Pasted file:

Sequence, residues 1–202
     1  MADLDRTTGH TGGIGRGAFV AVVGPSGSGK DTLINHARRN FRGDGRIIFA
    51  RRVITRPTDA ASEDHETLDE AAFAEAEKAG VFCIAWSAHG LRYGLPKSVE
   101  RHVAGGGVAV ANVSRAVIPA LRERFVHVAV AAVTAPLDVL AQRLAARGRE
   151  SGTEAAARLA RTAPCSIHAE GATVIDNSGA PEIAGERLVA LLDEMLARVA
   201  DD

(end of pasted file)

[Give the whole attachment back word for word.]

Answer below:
Sequence, residues 1–202
     1  MADLDRTTGH TGGIGRGAFV AVVGPSGSGK DTLINHARRN FRGDGRIIFA
    51  RRVITRPTDA ASEDHETLDE AAFAEAEKAG VFCIAWSAHG LRYGLPKSVE
   101  RHVAGGGVAV ANVSRAVIPA LRERFVHVAV AAVTAPLDVL AQRLAARGRE
   151  SGTEAAARLA RTAPCSIHAE GATVIDNSGA PEIAGERLVA LLDEMLARVA
   201  DD